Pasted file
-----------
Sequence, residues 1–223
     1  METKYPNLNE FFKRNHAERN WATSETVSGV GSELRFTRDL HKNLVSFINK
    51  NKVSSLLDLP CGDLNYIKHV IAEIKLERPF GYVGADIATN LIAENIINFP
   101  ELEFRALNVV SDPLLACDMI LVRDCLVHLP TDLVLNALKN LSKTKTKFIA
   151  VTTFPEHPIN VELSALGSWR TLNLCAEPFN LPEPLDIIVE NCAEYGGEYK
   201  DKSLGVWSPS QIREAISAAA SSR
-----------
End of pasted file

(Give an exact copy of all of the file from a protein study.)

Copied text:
Sequence, residues 1–223
     1  METKYPNLNE FFKRNHAERN WATSETVSGV GSELRFTRDL HKNLVSFINK
    51  NKVSSLLDLP CGDLNYIKHV IAEIKLERPF GYVGADIATN LIAENIINFP
   101  ELEFRALNVV SDPLLACDMI LVRDCLVHLP TDLVLNALKN LSKTKTKFIA
   151  VTTFPEHPIN VELSALGSWR TLNLCAEPFN LPEPLDIIVE NCAEYGGEYK
   201  DKSLGVWSPS QIREAISAAA SSR